Ann Westwater -William Law
Arrived 6 August 1827 "Princess Charlotte"
Descendant Terry Smith
My connection with the Female Factory. dates back to 1827, through my 3x GreatGrandmother Ann Westwater. Ann with several friends including one William Law were arrested together in October 1826 for housebreaking in Edinburgh, Scotland. William got off, but Anne was convicted and transported to NSW on the "Princess Charlotte" arriving in Sydney Cove on 6 August 1827 (not disembarked until the 27th)! Ann was not the best behaved young lady, she was reported to have absconded from her assignment in January 1828.
When apprehended she was sent to the third class women's section of the Factory. Here in February 1828, she was placed into solitary confinement for fighting. Later she suffered the most egregious punishment for a young woman, she had her head shaven for getting drunk and assaulting another inmate in October 1829.
During her time as a convict, Ann was assigned out to Bathurst and returned to the factory pregnant to another convict. The child Isabella, was sent to the Female Orphan School at Rydalmere. Later again she became pregnant giving birth to a son William. She named the father as William Law whom she had obviously found a way to keep in contact with. Within a year of Ann's conviction, William Law was convicted of another crime and sen t out on the "Eliza" in 1828. He was a blacksmith (a very sort after skill) and he was assigned to Major Druitt. When he received his ticket of leave in 1836, he went to the Factory and asked Anne to marry him.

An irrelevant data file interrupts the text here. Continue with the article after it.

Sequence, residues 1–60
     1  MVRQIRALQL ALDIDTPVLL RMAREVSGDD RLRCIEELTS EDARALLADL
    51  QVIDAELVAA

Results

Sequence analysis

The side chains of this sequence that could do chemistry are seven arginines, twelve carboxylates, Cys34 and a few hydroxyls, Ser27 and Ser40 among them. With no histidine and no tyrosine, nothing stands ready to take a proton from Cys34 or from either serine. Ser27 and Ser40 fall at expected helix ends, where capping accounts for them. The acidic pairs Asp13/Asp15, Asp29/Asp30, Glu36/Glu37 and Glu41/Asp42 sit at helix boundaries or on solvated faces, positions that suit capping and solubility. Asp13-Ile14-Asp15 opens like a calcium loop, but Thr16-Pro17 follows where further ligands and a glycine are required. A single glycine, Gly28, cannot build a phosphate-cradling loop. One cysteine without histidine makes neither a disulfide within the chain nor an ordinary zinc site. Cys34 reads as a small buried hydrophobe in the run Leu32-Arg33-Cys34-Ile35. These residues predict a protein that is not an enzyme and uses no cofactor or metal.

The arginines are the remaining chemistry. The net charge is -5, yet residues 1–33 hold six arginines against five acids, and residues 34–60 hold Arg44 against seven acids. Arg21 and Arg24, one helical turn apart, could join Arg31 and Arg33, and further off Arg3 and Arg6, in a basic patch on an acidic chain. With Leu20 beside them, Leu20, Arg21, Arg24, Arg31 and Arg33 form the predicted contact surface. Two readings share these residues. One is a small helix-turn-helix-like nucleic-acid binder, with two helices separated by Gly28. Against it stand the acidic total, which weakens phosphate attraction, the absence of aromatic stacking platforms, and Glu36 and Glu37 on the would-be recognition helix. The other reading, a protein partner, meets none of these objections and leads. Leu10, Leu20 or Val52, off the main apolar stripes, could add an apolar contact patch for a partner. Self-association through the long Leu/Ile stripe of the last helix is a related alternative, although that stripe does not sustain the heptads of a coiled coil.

Major Druitt was incensed and wrote to the Governor to stop the marriage because he had wanted to employ him at 25 pounds per year, but he didn't want a third class convict woman Ann, to reside at the Mount Druitt Farm. Rev. Samuel Marsden, always anxious to see any of the "abandoned convict women" properly married, ignored Druitt and posted the Banns in July 1836. Ann and William were eventually married by Marsden at St John's Church, Parramatta on 6 October 1836. They became pioneers of the South Coast near Bega and in their old age moved back to Mulgoa. They are buried together in St Stephen's Church Yard, Penrith. Ann died following amputation of an arm which had been seriously broken in a fall 2 June 1887 aged 78. William died of senile debility 15 April 1893, aged 82.
Story abbreviated from one I wrote for the Exhibition "Her Story". Photo of Ann and William Law c. 1875 (my family branch's rather heavily restored photo - there are at least two other branches of descendants of Ann & William who have the same photo)
Copyright - Terry Smith
Other Descendants Jo O'Dwyer 3xGreat Grandmother from daughter Margarette